In his clearest signal yet that the election campaigning has begun, Winston Peters took shots at his coalition partners and previous governments during a fiery speech laying out his plan for Tiwai Point aluminium smelter.
The New Zealand First leader spoke to a packed room at Invercargill's Workingmen's Club this afternoon, where not everyone was convinced by his ideas.
Peters said his trip to Invercargill was about sending a message to locals about what their economy meant to New Zealand First.
In exchange, he asked locals to send a message back to Wellington, by repeating after him: "we've had a guts full and we're not taking any more."
Though there have been murmurs about government or workers' buy-outs, Peters' plan for Tiwai Point instead resembled Back to the Future.
"If we go on having a say in the government, in the future, then we commit to a 20-year agreement with a 10-year review, with a fair electricity cost based on the cost of supply and a respectable margin, we're going to take things back to the beginning and restore justice and fairness here," he said.
Exactly who the 20-year agreement would be with was unclear. Rio Tinto has already said it will exit Tiwai Point at the end of August next year.
Peters insisted his plan was so good, there would be buyers lining up if Rio Tinto did not want to stay in the south.
The people of the south wanted to know how much his promise meant, however. Asked "Is that a guarantee if you're in government, you'll deliver it?" Peters responded, "No, no it goes like this. You vote for me first and then I'll deliver it."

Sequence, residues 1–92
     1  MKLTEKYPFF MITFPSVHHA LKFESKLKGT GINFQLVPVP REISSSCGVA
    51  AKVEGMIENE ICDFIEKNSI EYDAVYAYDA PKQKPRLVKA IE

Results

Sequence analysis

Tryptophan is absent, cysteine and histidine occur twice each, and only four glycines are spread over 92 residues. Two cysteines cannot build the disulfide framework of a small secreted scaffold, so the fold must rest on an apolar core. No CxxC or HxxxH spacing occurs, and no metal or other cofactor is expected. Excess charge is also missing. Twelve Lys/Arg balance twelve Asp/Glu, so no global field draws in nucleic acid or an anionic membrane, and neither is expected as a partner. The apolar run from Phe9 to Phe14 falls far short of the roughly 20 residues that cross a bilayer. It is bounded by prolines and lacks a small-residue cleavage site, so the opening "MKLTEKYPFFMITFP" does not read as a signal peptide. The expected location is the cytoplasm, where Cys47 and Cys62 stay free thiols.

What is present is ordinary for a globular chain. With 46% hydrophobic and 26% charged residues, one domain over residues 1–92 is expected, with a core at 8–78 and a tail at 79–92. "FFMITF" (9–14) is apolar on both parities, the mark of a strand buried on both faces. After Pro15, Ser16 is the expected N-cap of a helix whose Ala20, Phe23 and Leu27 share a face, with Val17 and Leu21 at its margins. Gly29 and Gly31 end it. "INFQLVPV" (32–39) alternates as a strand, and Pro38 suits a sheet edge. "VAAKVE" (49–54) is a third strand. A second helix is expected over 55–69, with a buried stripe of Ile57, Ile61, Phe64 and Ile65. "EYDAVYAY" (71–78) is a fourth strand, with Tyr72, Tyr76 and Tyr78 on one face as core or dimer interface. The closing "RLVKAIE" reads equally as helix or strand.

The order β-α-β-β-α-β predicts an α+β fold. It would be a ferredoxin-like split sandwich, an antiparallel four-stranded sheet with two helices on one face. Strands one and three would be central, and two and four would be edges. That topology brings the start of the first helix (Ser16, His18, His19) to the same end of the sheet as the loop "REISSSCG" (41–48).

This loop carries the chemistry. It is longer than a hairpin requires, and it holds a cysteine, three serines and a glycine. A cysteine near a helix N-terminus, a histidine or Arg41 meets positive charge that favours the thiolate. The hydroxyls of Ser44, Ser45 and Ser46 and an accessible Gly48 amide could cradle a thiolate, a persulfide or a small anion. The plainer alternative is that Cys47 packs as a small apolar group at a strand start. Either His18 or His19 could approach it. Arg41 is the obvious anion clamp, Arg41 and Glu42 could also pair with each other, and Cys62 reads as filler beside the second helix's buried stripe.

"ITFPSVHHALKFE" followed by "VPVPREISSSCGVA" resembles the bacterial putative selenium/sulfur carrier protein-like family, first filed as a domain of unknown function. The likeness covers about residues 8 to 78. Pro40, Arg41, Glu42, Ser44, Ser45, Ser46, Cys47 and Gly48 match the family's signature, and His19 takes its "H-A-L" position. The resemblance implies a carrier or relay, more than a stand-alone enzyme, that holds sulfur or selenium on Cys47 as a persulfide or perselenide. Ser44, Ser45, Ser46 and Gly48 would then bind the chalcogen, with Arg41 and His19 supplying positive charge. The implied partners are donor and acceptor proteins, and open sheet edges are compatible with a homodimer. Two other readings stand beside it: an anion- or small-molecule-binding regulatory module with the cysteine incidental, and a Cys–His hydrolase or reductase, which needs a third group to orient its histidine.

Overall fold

"I don't want anyone fast on the lip and slow on the vote here. You need to buy yourself some assurance here and you're looking at it," he said.
Most locals agreed that Rio Tinto and the general public were getting ripped off on power prices, and supported Peters.
"A lot of it will be outside his control but at least his views are on the right side of the ledger," one said.
Others said it had changed their mind about the selling of the smelter, although not everyone believed Winston Peters was Tiwai's saviour, commenting "most of it was hindsight. I thought he was going to tell us what he was going to do."
Peters said he was offering the people of Southland an alternative to every other political party.
"You want to vote National, Labour, anybody else, or the Greens if you're off the planet, you go right ahead," he said.
He doubled down on that message while speaking to media after the speech, rubbishing the Labour Party's proposed $100 million jobs package for Southland that the Prime Minister had hoped to announce last week.
"If you think we're going to go to an election where we go out to provincial people and flim-flam some country folks on the basis of a pittance of $100 million, with no idea what you're going to do with it, then you've got this election dramatically wrong," he said.
Ultimately, Peters' plan and his party's fate rests in the hands of the voter.